Exagg'itive Summary (TM)
You get a few things.
- Prototypal inheritance and cloning
- Dynamic addition of new properties
- Co-existence of objects of different versions (specification levels) of the same class.
- Objects belonging to the more recent versions (specification levels) will have extra "optional" properties.
- Introspection of properties, old and new
- Introspection of validation rules (discussed below)
There's one fatal drawback.
- Compiler doesn't check for misspelled strings for you.
- Automatic refactoring tools won't rename property key names for you - unless you pay for the fancy ones.
The thing is, you can get introspection by using, um, introspection. This is what usually happens:
- Enable reflection.
- Add a large introspection library into your project.
- Mark off various object methods and properties with attributes or annotations.
- Let the introspection library do the magic.
In other words, if you don't ever need to interface with FP, you don't have to take Rich Hickey's advice.
Last, but not the least (nor the prettiest), although using
String as property key makes the most straightforward sense, you don't have to use
Strings. Many legacy systems, including Android™, uses integer IDs extensively through the entire framework to refer to classes, properties, resources, etc.
Android is a trademark of Google Inc.
You can also make both worlds happy.
For the Java world, implement the getters and setters as usual.
For the FP world, implement the
Object getPropertyByName(String name)
void setPropertyByName(String name, Object value) throws IllegalPropertyChangeException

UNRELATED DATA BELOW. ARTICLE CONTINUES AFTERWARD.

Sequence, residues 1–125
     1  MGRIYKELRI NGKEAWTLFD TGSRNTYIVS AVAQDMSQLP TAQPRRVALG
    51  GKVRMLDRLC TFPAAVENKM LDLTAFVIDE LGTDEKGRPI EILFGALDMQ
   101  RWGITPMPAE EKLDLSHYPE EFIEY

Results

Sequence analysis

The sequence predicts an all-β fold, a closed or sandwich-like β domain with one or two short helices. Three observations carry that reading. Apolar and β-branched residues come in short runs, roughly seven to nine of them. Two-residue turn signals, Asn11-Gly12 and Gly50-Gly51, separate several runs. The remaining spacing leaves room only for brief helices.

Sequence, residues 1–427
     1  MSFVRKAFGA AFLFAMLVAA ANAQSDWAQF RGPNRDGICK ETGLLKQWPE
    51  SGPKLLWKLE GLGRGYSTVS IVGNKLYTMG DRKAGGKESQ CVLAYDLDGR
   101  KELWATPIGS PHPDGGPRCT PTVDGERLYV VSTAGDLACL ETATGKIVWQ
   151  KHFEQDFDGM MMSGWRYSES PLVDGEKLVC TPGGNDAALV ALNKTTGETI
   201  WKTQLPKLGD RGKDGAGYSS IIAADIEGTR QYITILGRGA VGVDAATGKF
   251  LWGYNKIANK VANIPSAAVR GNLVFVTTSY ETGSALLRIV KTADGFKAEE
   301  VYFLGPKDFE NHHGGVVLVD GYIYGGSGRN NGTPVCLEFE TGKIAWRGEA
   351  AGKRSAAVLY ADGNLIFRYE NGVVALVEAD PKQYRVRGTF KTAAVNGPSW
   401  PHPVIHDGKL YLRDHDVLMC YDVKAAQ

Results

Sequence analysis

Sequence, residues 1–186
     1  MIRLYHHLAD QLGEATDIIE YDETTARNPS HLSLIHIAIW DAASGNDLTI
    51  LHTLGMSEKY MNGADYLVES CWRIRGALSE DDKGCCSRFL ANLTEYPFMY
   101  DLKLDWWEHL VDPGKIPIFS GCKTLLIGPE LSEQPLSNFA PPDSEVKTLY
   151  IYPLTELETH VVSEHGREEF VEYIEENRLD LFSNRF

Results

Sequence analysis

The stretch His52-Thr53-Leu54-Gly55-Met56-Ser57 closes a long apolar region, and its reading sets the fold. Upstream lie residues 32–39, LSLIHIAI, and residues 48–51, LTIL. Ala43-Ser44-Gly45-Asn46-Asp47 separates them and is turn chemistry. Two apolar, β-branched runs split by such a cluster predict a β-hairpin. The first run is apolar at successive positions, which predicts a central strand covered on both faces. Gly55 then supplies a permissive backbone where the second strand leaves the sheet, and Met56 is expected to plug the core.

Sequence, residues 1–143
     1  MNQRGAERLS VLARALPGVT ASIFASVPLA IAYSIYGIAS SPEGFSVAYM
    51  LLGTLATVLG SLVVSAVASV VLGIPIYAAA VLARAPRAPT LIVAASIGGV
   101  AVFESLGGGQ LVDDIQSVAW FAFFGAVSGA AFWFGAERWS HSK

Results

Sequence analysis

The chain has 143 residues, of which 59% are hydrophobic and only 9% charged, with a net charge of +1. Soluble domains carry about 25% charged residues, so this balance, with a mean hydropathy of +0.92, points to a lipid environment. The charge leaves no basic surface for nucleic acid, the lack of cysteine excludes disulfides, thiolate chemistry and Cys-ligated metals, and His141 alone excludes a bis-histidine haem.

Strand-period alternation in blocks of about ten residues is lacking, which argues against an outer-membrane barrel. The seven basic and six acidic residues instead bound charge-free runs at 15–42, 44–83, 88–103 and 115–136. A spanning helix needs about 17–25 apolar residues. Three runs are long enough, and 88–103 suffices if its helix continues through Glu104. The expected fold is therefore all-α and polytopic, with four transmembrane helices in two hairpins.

Class<?> getPropertyValueClass(String name)
Inside these function, yes, ugly code, but there are IDE plugins that will fill that up for you, using... uh, a smart plugin that reads your code.
The Java side of things will be just as performant as usual. They'll never use that ugly part of the code. You might even want to hide it from Javadoc.
The FP side of the world can write whatever "leet" code they want, and they typically don't yell at you about the code being slow.
In general, using a map (property bag) in place of object is commonplace in software development. It is not unique to functional programming or any particular types of languages. It may not be an idiomatic approach for any given language, but there are situations which calls for it.
In particular, serialization/deserialization often requires a similar technique.
Just some general thoughts regarding "map as object".
- You still have to provide a function for validating such a "map as object". The difference is that "map as object" allows for more flexible (less restrictive) validation criteria.
- You can easily add addition fields to the "map as object".
- To provide a specification of the minimum requirement of a valid object, you will need to:
- List the "minimally required" set of keys expected in the map
- For each key whose value needs to be validated, provide a value validation function
- If there are validation rules that need to check multiple key values, provide that as well.
- What's the benefit? Providing the specification this way is introspective: you can write a program to query the minimally required set of keys, and to obtain the validation function for each key.
- In OOP, all of these are rolled up into a black box, in the name of "encapsulation". In place of machine-readable validation logic, the caller can only read human-readable "API documentation" (if fortunately it exists).